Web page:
By Samuel B. Fee, Washington & Jefferson College,
Amanda M. Holland-Minkley, Washington & Jefferson College and
Thomas E. Lombardi, University of the Virgin Islands
and Content in
CS education has increasingly adopted interdisciplinary approaches in recent years. There are many reasons for
this trend towards interdisciplinary computing education.
Interdisciplinary computing has been effective at increasing
student engagement overall and particularly been recognized
to be effective in broadening participation in computing
[ 12,24]. Educators increasingly provide computing
education to non-majors who will need to be effective users
of computational processes and consumers of algorithmic
output in the context of their own disciplines [ 28]. Indeed,
it is generally accepted that basic computational literacy is
a requirement of educated citizenry, with interdisciplinary
computing topics illustrating the inescapable social impact
of computing [ 16].
As practitioners of and advocates for interdisciplinary computing, we have had the opportunity to collaborate with educators pursing a breadth of approaches to teaching interdisciplinary computing [ 15]. Drawing on this work, we have been able
to classify these approaches into four major forms: introductory
courses with an interdisciplinary focus, interdisciplinary projects
embedded in CS courses, computing curricula designed around
interdisciplinarity, and interdisciplinary computing as taught by
other disciplines. We have also observed that, across these forms,
practitioners of interdisciplinary computing education have
widely adopted constructivist approaches to teaching computing in parallel to their incorporation of interdisciplinary content.
Briefly, these approaches focus on students actively building their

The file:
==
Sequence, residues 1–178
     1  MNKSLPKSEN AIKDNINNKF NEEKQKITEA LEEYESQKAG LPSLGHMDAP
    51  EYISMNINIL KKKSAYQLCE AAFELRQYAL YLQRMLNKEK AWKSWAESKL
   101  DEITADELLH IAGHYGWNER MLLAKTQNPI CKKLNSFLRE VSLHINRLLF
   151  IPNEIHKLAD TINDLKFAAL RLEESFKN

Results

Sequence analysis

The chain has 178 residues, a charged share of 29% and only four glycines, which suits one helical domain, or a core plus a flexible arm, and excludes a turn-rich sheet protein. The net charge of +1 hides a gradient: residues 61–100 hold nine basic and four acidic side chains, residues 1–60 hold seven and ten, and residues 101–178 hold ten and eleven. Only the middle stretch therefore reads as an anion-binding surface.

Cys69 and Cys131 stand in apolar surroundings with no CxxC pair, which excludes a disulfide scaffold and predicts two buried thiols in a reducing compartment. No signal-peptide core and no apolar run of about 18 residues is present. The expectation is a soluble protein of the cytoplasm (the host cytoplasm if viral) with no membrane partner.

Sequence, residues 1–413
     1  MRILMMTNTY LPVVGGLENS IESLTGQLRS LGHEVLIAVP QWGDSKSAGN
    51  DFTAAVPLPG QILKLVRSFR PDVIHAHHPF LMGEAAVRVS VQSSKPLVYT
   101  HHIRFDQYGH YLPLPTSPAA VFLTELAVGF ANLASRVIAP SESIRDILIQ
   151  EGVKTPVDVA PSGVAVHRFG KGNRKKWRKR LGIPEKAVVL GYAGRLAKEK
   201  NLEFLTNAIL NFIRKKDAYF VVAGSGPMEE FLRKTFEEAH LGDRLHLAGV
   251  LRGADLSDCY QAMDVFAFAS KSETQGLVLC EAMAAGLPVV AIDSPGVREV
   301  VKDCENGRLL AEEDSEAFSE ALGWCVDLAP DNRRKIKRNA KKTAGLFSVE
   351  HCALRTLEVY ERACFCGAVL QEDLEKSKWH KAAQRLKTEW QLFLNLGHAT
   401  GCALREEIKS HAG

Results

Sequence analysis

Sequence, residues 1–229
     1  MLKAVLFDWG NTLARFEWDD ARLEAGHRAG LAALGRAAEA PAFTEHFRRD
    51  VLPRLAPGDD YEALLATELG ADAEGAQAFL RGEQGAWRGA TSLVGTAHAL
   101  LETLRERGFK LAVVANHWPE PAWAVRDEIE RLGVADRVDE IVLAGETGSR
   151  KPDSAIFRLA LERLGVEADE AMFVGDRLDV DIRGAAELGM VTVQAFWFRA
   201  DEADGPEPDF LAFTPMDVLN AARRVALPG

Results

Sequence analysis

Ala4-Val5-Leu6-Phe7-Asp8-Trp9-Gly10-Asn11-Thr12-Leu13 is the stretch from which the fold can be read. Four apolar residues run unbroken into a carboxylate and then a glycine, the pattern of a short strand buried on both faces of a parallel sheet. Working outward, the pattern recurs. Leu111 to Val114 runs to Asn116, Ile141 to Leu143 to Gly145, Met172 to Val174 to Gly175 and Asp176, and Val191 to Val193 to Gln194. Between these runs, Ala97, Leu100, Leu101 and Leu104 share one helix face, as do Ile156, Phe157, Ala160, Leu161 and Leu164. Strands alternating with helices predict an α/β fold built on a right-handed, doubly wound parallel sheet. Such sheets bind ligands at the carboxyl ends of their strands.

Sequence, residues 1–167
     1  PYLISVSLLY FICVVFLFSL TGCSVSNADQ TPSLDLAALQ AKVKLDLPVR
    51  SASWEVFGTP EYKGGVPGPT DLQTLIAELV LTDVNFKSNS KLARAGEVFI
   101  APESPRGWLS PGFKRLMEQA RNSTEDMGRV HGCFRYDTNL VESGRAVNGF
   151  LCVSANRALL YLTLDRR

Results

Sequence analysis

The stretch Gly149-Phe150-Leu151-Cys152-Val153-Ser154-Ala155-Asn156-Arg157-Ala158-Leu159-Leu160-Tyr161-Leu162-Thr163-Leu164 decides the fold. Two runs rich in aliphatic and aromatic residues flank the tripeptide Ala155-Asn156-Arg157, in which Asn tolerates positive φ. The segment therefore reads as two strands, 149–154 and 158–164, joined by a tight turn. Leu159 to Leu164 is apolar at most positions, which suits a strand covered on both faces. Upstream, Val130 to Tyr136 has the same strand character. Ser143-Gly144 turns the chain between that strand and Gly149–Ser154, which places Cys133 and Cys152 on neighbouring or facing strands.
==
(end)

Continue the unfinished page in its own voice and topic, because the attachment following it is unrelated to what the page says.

own knowledge, often through authentic problems.
Here, we will give some illustrative examples of the various
forms we have observed for interdisciplinary computing and
highlight the ways that these initiatives incorporate constructivist approaches.
FORMS FOR INTERDISCIPLINARY COMPUTING
Projects incorporating interdisciplinary content into CS education are taking many forms ranging from the course level to
the programmatic level and addressing both CS students and
non-major audiences. In this section, we will summarize some
of the most common approaches and demonstrate how a constructivist mindset underlies each of them. A constructivist
theory of learning, broadly speaking, includes learners as partners in obtaining and structuring knowledge and problem-solving abilities rather than serving as recipients of instructional
content. These learning approaches generally guide students to
correlate educational content to real-life experiences, such as
through experiential, active, or collaborative activities, to best
support their ability to conceptualize content [ 11]. Constructivist approaches include pedagogies such as cognitive apprenticeship, situated learning, active learning, project-based learning,
or problem-based learning.
CS0, CS1 AND OTHER INTRODUCTORY COURSES
Possibly the most visible venue for interdisciplinary CS content
has been at the introductory level. It is nearly commonplace
for CS0 courses to include applications of computing to other